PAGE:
In light of the findings of this report, which I believe will make for disturbing reading for people throughout society, I stand alongside the other members of the Committee in calling upon the Scottish Government to take the strategic lead in making swift and decisive changes that will effect a significant improvement in the lives of Gypsy/Traveller communities in Scotland.
Access to social care and associated public services must be universal – no section of society excluded on grounds of ethnicity, religion, or lifestyle.
This is – or should be – a prerequisite for any civilized society.
I have pledged my support to Mental Health charity See me, ahead of Scottish Mental Health Week (10th-16th October). See me is a Government funded charity which campaigns to end the stigma that surrounds mental health illness, and to alter public attitudes and behaviour towards those with mental health problems.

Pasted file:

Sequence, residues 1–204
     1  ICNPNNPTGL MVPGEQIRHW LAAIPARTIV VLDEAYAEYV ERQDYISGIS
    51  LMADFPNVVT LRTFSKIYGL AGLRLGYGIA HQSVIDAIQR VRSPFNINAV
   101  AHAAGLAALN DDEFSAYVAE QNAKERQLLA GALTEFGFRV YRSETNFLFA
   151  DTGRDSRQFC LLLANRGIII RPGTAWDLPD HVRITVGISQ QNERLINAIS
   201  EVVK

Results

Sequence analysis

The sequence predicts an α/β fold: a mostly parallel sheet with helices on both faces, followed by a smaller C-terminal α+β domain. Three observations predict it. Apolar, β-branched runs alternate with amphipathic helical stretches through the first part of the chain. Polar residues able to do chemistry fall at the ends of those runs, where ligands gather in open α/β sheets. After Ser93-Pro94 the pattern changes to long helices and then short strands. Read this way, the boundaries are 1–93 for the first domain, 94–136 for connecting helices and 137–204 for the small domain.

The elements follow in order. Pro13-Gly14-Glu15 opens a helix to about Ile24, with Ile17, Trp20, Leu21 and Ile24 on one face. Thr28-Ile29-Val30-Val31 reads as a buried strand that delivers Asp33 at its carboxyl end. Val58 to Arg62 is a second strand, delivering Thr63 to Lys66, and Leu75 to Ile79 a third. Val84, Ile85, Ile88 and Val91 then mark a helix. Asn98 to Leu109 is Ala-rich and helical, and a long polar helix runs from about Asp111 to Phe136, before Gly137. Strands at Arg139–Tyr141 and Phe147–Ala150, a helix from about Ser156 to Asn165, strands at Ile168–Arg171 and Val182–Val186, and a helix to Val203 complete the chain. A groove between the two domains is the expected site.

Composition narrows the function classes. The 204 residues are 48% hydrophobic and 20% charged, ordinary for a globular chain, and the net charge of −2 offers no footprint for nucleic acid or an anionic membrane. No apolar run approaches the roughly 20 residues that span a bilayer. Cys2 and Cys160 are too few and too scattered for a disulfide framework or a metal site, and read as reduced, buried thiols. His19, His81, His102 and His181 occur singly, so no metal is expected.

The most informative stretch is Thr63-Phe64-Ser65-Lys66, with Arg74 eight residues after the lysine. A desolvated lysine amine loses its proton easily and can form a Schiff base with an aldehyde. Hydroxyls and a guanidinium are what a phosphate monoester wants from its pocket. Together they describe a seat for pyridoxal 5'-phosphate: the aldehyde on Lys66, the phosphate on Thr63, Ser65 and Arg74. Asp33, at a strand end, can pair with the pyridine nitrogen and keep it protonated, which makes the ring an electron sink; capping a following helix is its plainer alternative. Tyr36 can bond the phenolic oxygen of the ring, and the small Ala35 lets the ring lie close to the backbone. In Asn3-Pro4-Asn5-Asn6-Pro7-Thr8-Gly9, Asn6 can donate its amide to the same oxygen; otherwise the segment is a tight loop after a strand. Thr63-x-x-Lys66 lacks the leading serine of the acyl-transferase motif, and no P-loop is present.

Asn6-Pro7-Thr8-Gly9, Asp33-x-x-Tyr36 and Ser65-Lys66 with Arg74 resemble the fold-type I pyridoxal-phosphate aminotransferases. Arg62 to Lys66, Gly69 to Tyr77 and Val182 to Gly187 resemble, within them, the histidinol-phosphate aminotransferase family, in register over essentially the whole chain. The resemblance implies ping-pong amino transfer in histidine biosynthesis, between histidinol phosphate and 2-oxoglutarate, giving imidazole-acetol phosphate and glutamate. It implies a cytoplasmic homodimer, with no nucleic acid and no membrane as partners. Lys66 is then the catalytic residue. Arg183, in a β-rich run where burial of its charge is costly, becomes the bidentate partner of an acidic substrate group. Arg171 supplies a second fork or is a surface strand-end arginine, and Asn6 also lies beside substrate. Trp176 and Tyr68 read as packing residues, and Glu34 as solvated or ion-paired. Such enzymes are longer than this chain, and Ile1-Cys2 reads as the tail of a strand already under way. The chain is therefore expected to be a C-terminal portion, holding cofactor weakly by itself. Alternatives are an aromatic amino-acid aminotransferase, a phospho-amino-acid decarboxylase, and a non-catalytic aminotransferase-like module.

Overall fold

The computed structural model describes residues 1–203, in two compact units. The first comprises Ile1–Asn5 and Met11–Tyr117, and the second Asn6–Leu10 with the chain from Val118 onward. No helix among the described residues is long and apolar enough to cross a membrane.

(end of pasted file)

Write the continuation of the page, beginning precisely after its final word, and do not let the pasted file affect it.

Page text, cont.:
Around 1 in 4 Scots will suffer from mental health issues at some point in their lives, and over 3 quarters of us know someone with a mental health problem. However, despite these figures, over half of those with mental health issues continue to suffer stigma and discrimination, some at the hands of friends and family members.
Mental health problems are the cause of great misery and suffering in our society, yet they remain dogged by stigma and prejudice. The factors that can affect an individual’s mental wellbeing include physiology, age, gender, and social, employment and financial status. Stress, anxiety and low self-esteem are also contributing factors, as are substance addiction and alcoholism.